[Docs] [txt|pdf] [draft-ietf-pwe3-f...] [Diff1] [Diff2] [IPR] [Errata]

PROPOSED STANDARD
Errata Exist
Network Working Group                                    L. Martini, Ed.
Request for Comments: 4619                           Cisco Systems, Inc.
Category: Standards Track                                   C. Kawa, Ed.
                                                       Oz Communications
                                                           A. Malis, Ed.
                                                                 Tellabs
                                                          September 2006


        Encapsulation Methods for Transport of Frame Relay over
             Multiprotocol Label Switching (MPLS) Networks

Status of This Memo

   This document specifies an Internet standards track protocol for the
   Internet community, and requests discussion and suggestions for
   improvements.  Please refer to the current edition of the "Internet
   Official Protocol Standards" (STD 1) for the standardization state
   and status of this protocol.  Distribution of this memo is unlimited.

Copyright Notice

   Copyright (C) The Internet Society (2006).

Abstract

   A frame relay pseudowire is a mechanism that exists between a
   provider's edge network nodes and that supports as faithfully as
   possible frame relay services over an MPLS packet switched network
   (PSN).  This document describes the detailed encapsulation necessary
   to transport frame relay packets over an MPLS network.




















Martini & Kawa              Standards Track                     [Page 1]

RFC 4619       Encapsulation for Transport of Frame Relay September 2006


Table of Contents

   1. Introduction ....................................................2
   2. Specification of Requirements ...................................4
   3. Co-authors ......................................................4
   4. Acronyms and Abbreviations ......................................5
   5. Applicability Statement .........................................5
   6. General Encapsulation Method ....................................6
   7. Frame Relay over MPLS PSN for the One-to-One Mode ...............7
      7.1. MPLS PSN Tunnel and PW .....................................7
      7.2. Packet Format over MPLS PSN ................................7
      7.3. The Control Word ...........................................8
      7.4. The Martini Legacy Mode Control Word .......................9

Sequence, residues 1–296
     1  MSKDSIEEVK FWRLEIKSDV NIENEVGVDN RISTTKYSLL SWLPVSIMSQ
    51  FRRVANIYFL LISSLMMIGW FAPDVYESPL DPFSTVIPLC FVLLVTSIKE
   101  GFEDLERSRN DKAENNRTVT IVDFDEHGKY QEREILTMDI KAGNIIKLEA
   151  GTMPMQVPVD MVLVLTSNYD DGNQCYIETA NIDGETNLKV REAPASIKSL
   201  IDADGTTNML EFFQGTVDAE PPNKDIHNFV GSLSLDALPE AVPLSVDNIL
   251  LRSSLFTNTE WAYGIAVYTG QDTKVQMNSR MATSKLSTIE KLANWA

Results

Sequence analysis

7.5. PW Packet Processing .......................................9
           7.5.1. Encapsulation of Frame Relay Frames .................9
           7.5.2. Setting the Sequence Number ........................10
      7.6. Decapsulation of PW Packets ...............................11
           7.6.1. Processing the Sequence Number .....................11
           7.6.2. Processing of the Length Field by the Receiver .....11
      7.7. MPLS Shim EXP Bit Values ..................................12
      7.8. MPLS Shim S Bit Value .....................................12
      7.9. Control Plane Details for Frame Relay Service .............12
           7.9.1. Frame Relay Specific Interface Parameter Sub-TLV ...12
   8. Frame Relay Port Mode ..........................................13
   9. Congestion Control .............................................13
   10. Security Considerations .......................................14
   11. Normative References ..........................................14
   12. Informative References ........................................15

1.   Introduction

   In an MPLS or IP network, it is possible to use control protocols
   such as those specified in [RFC4447] to set up "pseudowires" (PWs)
   that carry the Protocol Data Units of layer 2 protocols across the
   network.  A number of these emulated PWs may be carried in a single
   tunnel.  The main functions required to support frame relay PW by a
   Provider Edge (PE) include:

   - encapsulation of frame relay specific information in a suitable
     pseudowire (PW) packet;

   - transfer of a PW packet across an MPLS network for delivery to a
     peer PE;

   - extraction of frame relay specific information from a PW packet by